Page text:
Figure 1

Figure 1
Gray scale ultrasound scan and (b) color Doppler image of the gall bladder fossa following cholecystectomy show a cystic structure with a well-defined echogenic wall indicating the presence of the dilated cystic duct remnant (arrow).
Figure 2

Figure 2
Contrast-enhanced computed tomography scan of the abdomen demonstrating the common bile duct (arrow) and the laterally placed dilated cystic duct remnant (arrow head).
Figure 3

Figure 3
Computed tomography scan-reformatted coronal image depicts the dilated cystic duct remnant in the gall bladder fossa (arrow).

The patient had experienced a similar episode of abdominal pain in the past, which was investigated to rule out complications of cholecystectomy. CT scan performed at that time showed a dilated cystic duct remnant.

Go to:


Imaging anatomy

The normal cystic duct connects the gall bladder to the common hepatic duct to form the common bile duct, and is considered the most important structure to be identified during cholecystectomy.[1] The normal cystic duct usually measures 4-6 cm in length and contains concentric folds known as the spiral valves of Heister.[2] Cystic ducts shorter than 2 cm can also be found, which can present a significant challenge in the dissection and placement of clips during laparoscopic cholecystectomy. The diameter of the cyst duct ranges from 1 to 5 mm. The cystic duct usually joins the extrahepatic bile duct approximately half-way between the porta hepatis and ampulla of vater, commonly to its medial aspect.[2] The triangle of Calot is an important landmark in identifying the cystic artery and the cystic duct [Figure 4]. The boundaries of the Calot’s triangle consist of the common hepatic duct medially, cystic duct laterally, and inferior margin of the liver superiorly.[1]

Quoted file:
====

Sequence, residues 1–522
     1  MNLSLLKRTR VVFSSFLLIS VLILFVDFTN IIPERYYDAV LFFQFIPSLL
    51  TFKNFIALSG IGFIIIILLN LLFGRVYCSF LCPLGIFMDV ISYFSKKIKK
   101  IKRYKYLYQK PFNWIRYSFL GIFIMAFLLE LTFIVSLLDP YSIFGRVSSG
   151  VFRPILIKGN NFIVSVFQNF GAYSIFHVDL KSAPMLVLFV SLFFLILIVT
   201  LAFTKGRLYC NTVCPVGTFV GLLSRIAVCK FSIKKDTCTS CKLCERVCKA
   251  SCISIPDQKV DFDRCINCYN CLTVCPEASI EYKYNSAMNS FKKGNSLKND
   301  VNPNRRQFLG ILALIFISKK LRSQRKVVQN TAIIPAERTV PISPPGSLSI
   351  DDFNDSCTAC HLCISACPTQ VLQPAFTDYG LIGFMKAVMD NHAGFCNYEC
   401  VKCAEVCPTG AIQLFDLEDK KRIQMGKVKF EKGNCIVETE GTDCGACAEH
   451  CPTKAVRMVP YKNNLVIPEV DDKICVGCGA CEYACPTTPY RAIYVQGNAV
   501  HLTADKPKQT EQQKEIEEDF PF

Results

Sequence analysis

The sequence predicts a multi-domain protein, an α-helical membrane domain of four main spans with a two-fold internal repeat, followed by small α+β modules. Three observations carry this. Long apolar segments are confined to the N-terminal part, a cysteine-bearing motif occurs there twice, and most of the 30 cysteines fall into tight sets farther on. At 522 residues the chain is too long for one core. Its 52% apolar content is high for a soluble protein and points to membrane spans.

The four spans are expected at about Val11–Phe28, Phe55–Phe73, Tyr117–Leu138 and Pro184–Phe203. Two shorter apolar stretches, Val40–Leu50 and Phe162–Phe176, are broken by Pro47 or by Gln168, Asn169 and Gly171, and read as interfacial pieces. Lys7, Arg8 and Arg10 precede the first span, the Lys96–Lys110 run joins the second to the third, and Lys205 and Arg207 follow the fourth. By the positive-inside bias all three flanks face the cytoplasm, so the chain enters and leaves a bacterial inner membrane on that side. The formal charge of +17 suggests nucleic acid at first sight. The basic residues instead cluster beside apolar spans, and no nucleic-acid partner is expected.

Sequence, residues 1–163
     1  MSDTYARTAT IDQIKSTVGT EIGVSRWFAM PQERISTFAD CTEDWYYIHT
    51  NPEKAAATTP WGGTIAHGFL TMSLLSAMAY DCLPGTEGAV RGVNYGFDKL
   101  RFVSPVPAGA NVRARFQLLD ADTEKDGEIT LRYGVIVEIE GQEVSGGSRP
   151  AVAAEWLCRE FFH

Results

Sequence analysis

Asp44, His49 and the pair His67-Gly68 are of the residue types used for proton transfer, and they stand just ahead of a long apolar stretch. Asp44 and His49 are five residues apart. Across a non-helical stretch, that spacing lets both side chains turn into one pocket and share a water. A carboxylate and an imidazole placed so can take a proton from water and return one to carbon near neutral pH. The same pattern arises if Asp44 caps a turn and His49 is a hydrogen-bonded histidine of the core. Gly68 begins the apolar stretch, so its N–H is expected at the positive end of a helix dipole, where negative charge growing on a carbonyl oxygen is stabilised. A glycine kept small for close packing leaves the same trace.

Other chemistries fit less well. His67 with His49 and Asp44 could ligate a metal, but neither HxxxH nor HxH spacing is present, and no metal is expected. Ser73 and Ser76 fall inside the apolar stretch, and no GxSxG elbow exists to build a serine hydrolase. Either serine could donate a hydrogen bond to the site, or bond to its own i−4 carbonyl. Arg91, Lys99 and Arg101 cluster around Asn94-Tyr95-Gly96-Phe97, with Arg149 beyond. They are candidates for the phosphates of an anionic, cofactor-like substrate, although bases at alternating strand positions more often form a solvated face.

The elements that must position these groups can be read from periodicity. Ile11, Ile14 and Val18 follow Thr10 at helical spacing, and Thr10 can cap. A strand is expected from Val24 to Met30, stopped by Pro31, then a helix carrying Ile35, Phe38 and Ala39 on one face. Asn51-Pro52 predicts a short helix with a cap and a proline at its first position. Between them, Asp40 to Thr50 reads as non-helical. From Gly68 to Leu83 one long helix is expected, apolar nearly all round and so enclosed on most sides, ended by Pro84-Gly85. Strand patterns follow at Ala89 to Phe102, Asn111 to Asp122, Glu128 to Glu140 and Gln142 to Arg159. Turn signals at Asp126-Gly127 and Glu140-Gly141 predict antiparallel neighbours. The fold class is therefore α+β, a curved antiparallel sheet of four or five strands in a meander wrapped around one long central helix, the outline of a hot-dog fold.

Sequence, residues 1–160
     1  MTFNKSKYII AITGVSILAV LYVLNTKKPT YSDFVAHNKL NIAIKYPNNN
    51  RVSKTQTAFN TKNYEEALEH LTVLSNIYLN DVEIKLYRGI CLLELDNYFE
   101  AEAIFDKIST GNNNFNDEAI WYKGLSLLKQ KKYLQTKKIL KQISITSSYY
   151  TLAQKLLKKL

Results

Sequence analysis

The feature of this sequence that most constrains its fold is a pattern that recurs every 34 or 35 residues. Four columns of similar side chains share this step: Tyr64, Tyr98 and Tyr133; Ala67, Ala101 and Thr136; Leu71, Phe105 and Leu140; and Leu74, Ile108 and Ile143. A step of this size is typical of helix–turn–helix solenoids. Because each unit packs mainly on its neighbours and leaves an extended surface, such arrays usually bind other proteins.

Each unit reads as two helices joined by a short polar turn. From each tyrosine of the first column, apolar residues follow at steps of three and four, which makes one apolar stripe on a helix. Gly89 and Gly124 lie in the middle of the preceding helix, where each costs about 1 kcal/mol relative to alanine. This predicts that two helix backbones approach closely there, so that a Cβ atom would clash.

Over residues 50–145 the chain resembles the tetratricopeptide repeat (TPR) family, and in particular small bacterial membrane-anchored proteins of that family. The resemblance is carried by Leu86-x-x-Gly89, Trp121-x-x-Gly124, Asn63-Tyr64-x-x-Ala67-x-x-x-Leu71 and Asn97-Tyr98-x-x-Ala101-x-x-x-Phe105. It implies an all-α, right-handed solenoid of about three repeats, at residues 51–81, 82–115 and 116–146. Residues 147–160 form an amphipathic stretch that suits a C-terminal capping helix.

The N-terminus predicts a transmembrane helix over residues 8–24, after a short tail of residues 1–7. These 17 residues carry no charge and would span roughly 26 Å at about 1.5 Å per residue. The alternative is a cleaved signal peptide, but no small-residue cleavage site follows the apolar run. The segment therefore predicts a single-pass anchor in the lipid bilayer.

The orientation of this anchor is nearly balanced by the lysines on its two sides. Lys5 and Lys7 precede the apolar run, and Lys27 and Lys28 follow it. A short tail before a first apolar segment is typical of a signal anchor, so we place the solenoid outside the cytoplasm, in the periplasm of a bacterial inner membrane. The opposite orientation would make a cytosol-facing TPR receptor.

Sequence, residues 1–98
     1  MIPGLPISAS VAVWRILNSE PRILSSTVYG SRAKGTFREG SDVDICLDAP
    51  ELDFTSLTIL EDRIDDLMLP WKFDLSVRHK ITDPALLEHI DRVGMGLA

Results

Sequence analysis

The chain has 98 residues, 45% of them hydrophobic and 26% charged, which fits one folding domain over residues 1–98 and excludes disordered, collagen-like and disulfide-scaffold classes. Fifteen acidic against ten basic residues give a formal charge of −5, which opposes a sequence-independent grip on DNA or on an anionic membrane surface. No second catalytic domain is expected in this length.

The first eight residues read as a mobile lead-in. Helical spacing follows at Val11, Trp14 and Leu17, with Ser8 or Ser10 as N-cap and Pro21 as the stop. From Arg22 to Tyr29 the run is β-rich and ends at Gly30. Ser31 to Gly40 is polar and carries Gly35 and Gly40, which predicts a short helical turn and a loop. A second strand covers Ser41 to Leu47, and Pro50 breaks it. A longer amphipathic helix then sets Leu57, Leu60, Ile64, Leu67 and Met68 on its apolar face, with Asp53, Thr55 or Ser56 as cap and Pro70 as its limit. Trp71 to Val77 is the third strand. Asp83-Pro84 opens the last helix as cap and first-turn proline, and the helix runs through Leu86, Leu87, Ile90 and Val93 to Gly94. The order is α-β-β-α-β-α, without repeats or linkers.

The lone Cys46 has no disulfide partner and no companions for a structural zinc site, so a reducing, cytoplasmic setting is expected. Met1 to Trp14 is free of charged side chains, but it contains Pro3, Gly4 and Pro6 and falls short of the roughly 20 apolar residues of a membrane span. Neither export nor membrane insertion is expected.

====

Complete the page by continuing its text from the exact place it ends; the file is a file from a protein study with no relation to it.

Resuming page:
Figure 4

Figure 4
Line diagram depicting the triangle of Calot (shaded area). The boundaries are formed medially by the common hepatic duct, laterally by the cystic duct, and superiorly by the inferior margin of the liver.

On gray-scale ultrasonography, the normal cystic duct is seen only in 50% of the patients as an anechoic tubular structure connecting the gall bladder and the extrahepatic duct.[2] The normal cystic duct is usually not visible on CT scans and may sometimes be seen as a low attenuating tubular structure with a thin enhancing wall.[2]